If Columbus considered the people of Hispaniola frightened and naive, the inhabitants of the nearby island of Quaris seemed particularly violent to him. He wrote that they enjoyed eating human flesh and robbing the inhabitants of neighboring islands. They armed themselves with bows and arrows and allowed their hair to grow long, a direct contrast to the residents of the largest island in the area, whose heads were completely shaven. This island was described as having more gold than any other.

Columbus ordered that a fort be constructed on the island of Hispaniola. There, he left some of his crew with enough food for a year. He added that he had left one of the ships with them (the Santa Maria), but “forgot” to mention that the ship was no longer seaworthy due to the fact that it had run aground while its crew and captain had fallen asleep.

Columbus concluded the letter by praising God for the success of the mission. He proposed the idea of organizing religious festivals to celebrate the discovery of the “lost souls” overseas.

Columbus’ official goal was strictly economic – to discover a shorter maritime route to India. A shorter route would have saved money on long and dangerous commercial excursions to the East. But what did the Spaniards intend to do with the surplus funds? The answer is found in the lost letter that Columbus sent to the King and Queen of Spain upon his arrival in Lisbon.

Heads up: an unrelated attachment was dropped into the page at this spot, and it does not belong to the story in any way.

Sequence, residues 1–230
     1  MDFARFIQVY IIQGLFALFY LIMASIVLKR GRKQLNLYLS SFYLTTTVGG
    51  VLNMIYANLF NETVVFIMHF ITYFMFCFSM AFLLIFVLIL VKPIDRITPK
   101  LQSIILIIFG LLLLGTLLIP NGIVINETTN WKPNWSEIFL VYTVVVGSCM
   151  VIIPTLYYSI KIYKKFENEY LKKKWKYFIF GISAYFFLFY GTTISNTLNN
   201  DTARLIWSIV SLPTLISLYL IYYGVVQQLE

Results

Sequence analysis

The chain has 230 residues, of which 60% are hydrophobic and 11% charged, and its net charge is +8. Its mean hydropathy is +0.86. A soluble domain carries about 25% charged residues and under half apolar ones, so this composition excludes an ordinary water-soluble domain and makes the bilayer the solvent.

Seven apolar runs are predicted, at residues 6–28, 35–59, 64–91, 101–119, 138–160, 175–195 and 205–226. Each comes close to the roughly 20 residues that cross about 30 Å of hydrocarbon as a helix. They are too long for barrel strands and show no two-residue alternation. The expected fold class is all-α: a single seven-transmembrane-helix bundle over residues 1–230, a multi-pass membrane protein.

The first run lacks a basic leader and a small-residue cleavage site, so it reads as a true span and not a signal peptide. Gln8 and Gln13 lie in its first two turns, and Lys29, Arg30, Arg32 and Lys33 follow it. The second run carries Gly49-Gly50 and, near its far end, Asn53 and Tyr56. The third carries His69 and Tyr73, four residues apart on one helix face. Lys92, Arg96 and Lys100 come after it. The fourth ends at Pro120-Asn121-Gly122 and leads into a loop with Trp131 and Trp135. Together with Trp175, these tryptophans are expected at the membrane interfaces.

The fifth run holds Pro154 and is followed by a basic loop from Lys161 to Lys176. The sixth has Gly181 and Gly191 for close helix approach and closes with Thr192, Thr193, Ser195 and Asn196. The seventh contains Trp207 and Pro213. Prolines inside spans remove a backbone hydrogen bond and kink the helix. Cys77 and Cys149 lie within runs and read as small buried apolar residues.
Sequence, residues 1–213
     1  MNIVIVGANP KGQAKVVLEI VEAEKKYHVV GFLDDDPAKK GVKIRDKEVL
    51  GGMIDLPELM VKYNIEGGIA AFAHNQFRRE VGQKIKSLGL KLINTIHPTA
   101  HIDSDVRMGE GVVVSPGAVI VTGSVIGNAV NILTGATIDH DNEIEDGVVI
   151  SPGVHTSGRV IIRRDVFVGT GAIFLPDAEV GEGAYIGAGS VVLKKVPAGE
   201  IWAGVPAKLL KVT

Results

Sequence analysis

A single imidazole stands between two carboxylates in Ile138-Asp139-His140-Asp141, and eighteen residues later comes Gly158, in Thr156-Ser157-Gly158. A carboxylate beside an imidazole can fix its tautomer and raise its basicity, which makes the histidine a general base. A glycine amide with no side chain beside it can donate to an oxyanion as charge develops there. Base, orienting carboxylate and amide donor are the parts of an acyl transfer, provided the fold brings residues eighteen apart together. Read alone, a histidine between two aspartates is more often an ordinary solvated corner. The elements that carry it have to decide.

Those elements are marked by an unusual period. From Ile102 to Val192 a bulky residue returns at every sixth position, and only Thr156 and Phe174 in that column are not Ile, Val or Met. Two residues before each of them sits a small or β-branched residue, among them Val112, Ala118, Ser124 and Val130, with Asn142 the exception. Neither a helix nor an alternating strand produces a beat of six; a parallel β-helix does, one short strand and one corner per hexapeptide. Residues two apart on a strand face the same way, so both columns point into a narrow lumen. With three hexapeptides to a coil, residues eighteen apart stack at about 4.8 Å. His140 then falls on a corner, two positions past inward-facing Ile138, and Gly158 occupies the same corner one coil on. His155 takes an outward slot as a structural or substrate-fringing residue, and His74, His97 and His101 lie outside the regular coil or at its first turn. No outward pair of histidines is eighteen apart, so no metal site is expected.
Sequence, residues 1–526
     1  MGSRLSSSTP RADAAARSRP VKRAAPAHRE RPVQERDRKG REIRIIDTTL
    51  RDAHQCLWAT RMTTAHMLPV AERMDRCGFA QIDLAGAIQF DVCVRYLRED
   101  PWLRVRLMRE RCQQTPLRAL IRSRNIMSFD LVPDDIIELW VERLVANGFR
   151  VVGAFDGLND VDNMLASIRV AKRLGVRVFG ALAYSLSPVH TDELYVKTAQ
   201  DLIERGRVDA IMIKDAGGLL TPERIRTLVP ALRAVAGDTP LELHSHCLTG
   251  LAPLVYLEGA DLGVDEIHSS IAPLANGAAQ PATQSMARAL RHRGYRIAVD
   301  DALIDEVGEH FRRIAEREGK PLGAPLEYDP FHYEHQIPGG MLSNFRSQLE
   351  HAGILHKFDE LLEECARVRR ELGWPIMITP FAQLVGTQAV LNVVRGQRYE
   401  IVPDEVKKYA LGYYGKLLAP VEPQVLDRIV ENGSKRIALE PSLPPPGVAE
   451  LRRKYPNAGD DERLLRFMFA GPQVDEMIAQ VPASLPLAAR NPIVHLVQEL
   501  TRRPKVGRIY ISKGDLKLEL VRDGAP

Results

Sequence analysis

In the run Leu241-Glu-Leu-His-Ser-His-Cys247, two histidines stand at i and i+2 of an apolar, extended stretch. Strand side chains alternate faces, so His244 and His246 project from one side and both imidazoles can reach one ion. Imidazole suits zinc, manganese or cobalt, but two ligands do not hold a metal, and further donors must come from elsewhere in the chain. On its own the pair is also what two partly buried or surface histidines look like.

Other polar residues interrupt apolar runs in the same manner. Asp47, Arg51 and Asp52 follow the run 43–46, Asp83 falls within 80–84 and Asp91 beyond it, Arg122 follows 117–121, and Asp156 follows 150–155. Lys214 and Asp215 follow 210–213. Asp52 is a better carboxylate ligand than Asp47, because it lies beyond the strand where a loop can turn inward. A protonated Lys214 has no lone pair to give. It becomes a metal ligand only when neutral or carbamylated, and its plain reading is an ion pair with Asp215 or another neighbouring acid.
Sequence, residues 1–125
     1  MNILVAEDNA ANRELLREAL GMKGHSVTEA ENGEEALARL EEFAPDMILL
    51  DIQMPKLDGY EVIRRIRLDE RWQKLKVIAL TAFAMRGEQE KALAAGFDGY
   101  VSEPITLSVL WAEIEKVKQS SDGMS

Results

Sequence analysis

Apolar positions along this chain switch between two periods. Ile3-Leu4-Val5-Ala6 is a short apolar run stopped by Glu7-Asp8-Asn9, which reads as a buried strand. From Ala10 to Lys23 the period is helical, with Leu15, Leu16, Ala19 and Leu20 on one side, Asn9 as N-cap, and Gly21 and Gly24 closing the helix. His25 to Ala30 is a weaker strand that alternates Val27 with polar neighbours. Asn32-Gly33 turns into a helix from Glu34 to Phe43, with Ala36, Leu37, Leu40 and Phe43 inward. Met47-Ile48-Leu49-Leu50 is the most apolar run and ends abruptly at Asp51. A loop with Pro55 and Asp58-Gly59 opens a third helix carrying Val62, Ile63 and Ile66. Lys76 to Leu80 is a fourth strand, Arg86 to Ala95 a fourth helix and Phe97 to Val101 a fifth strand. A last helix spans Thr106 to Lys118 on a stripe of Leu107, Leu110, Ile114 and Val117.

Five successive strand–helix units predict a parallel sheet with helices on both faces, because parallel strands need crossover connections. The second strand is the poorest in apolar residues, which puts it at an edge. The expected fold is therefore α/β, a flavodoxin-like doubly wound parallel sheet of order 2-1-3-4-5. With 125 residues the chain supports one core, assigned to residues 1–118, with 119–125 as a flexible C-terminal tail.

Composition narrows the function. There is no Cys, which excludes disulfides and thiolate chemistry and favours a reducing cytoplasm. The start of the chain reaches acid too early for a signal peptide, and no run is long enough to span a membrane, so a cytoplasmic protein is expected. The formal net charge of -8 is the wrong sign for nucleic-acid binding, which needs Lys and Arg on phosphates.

In the letter, Columbus promised that, thanks to the planned commercial success of his new route, in just seven years time he would be able to finance 5,000 cavalry and 50,000 infantry to embark on the conquest of Jerusalem. He adds, “That was the goal for which I took on this project.” If so, Columbus and the King of Spain planned a crusade to Jerusalem – a conquest unlike any attempted since the 13th century. This startling fact was revealed only after the discovery of the letter in 1989.

With the exception of the First Crusade, which reached Jerusalem in 1099, the conquests that followed all resulted in failure or only partial successes. What would have happened if a Spanish armada, armed with cannons and gunpowder, had sailed to the Land of Israel? One can only imagine, as the plan never came to fruition. Following Columbus’ discovery, the peoples of Europe became captivated with an even more fascinating destination – the New World, America.   If you liked this article, try these: How a Handwritten 12th-Century Manuscript by Maimonides Ended Up at the National Library How Capt. Isaac Benkowitz Saved a World of Jewish Books “Tropical Zion” Revealed